The publishing world has changed. For the artist, it has changed for the worse, or the better, depending upon your view. Agents and publishers, for years nearly inaccessible behind their watchdog towers, are now almost impossible to reach now that those towers have grown walls, battlements, and minefield emplacements. Only commercially successful artists may pass to enlist the services of publishers and their vassals. Of course, commercially successful artists don’t need them.

For all others, the talented first-time artist included, the world has become an every-man-for-himself proposition. Of course, thanks to the Internet, Print on Demand, and self-publishing web sites, the possibility exists to get your art into the hands of readers.

There is a caveat, though. You can publish, but your work is immediately lost in a sea of competing stories, with no clear means of differentiating the few pristine literary droplets from the millions making up the stagnant pool that has become self-publishing. As a self-published author (or any kind of author, for that matter), you now must be not only creator, but promoter, maybe even designer.

Yes, it’s every man for himself, but not every man alone.

Mid-World Arts is an artists’ studio  founded by

James L. Wilber and Stephan Loy. Our purpose here is to aid and promote our members in their efforts to become published authors.

We read and critique one another’s work, help each other in the preparation of presentation materials such as query letters and synopses, and perform the grunt work of formatting, cover design, and testing for self-publishing.

We partner with talented artists who have a compulsion for detail, quality and perseverance. You can’t join the co-op, you must be selected. We’re picky as hell. You can, however, benefit from our experiences and the lessons learned in our quest for commercial literary success.

Stick around. It’ll be fun, and you might learn something.

James L. Wilber describes himself as Anne Rice and Chuck Palahniuk’s bastard love child. He’s a pretentious prick who claims to pen “literary genre fiction.” Which means he writes smarmy shit about wizards and vampires, doing a poor job at hiding his symbolism and metaphor. He’s turned to self-publishing on the correct assumption his stories are just too fucking weird for mass consumption.

Mr. Wilber also assumes the roles of husband, hotel manager, owner of a 100-lb Alaskan Malamute, and ceremonial magician.

You can read his thoughts on politics, culture, and what he calls pagan chaos magick at

He lives in Indianapolis, a dreary place built by masons obsessed with circles.

Find out more about his current writings at

“A lonely beacon of restraint, lost in a world of car-crazies.” Ed Harris voiced those words to describe his character in The Right Stuff (movie version). Steve Loy believes quite arrogantly that those words describe him as well. He lives in a world where any decent writer must write, pay a publicist to promote his work, pay an editor to look over his work, pay a cover artist to prettify his work and pay a designer to develop it. No. Any artist worth his copy paper must also tweet endlessly, live on Facebook, hold everlasting court on Google +, podcast, blog, comment, and spend great gobs of money going to cons. No!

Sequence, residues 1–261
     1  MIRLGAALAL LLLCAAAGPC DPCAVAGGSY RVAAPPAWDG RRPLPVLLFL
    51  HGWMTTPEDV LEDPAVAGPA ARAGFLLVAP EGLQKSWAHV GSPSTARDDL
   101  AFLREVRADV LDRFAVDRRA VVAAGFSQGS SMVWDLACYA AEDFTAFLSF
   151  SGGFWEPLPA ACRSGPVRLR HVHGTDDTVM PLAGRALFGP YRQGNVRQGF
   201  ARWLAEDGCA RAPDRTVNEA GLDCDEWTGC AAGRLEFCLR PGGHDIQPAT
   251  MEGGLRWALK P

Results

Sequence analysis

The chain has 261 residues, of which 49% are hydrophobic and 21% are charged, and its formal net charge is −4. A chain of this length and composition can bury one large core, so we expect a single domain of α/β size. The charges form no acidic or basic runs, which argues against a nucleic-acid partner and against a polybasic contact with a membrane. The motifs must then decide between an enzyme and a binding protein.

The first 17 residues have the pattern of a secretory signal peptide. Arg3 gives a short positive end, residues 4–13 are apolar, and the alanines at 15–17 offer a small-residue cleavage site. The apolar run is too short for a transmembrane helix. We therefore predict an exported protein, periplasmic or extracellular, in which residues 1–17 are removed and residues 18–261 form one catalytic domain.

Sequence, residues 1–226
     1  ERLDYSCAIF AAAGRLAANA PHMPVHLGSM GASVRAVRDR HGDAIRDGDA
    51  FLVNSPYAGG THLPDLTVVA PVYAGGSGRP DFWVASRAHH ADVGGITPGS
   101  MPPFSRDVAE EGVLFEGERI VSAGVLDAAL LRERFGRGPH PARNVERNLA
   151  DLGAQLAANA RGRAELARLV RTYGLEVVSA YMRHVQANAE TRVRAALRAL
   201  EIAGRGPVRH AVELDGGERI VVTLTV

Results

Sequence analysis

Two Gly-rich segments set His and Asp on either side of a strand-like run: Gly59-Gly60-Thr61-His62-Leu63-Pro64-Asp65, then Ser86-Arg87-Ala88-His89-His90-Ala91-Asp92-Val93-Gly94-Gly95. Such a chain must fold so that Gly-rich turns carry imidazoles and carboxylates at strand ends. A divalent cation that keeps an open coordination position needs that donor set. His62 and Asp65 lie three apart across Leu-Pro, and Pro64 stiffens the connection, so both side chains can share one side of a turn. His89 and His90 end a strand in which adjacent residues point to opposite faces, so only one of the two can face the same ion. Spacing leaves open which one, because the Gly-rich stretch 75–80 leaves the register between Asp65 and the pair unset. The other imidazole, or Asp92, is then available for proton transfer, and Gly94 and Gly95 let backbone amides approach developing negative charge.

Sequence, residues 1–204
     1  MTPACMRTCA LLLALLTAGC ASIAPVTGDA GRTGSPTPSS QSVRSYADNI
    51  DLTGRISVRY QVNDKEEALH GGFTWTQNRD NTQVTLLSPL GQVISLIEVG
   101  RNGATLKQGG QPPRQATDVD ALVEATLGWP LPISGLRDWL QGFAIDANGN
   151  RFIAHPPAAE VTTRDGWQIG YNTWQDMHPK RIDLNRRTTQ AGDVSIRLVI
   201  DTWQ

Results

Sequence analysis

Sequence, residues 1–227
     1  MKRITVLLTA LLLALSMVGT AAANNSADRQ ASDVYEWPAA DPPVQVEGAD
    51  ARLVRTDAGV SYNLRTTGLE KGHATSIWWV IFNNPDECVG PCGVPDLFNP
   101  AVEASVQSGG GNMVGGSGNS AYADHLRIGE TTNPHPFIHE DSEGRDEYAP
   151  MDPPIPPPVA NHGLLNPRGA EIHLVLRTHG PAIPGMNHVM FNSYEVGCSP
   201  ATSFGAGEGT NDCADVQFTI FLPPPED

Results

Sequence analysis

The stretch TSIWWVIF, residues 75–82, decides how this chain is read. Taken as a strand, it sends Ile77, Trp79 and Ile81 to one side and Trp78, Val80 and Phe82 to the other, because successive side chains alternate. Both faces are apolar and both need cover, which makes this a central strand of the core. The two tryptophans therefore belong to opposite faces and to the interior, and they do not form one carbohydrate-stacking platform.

The author’s job is to get paid for his work, not to support the Publishing Industrial Complex.

Maybe Steve might visit twitter on occasion. He has a Facebook page he rarely visits. He has a blog he writes in maybe once every few months. He wouldn’t touch Google + with a cattle prod. What Steve does instead is write.

Stephan Loy has ten books in various stages of completion. He has self-published Last Days and Times, a gritty urban fantasy on the dangers of religious fanaticism, and Harmonic RES, a collection of short fiction in various genres. He has also completed an ancient Egyptian high fantasy, Isis Wept; a space fantasy on the evils of theocracy, Shining Star; and a futuristic political thriller, Conqueror’s Realm. Along with these novels, Steve has published five novellas and is currently working on two new novels at once. Steve Loy is busy.

But not so busy that he doesn’t have time for his angel of a wife, Amy, his Big Ol’ Sweetie Petra the Prissy Greyhound, and his two grown-up sons, Mike and Joe. Because almost nobody makes a living as an author, Steve makes his as an art teacher in an Indianapolis elementary school.

Dick Thomas is a seminary-trained, overeducated, underemployed, devout agnostic who is fascinated with the religious beliefs of others. The four pillars of his intellectual formation are Star Wars, the DC Comics of the Seventies, the truly horrific radio-friendly pop and metal of the Eighties, and the King James Version of the Bible. Ghostvision is Dick's first novel, kicking off Nightfall, a thirteen-volume series of urban fantasy and paranormal suspense which will ultimately chronicle the collapse of human civilization.


If Anne Rice, Tom Clancy, and Christopher Moore all got high and wrote stories together, you might find something like Dick's fiction in the trash the next morning. You can visit Dick's website at where you'll also find movie and book reviews, exclusive pieces of his fiction, and random other material of dubious interest to anyone. Email him at and he'll email you back.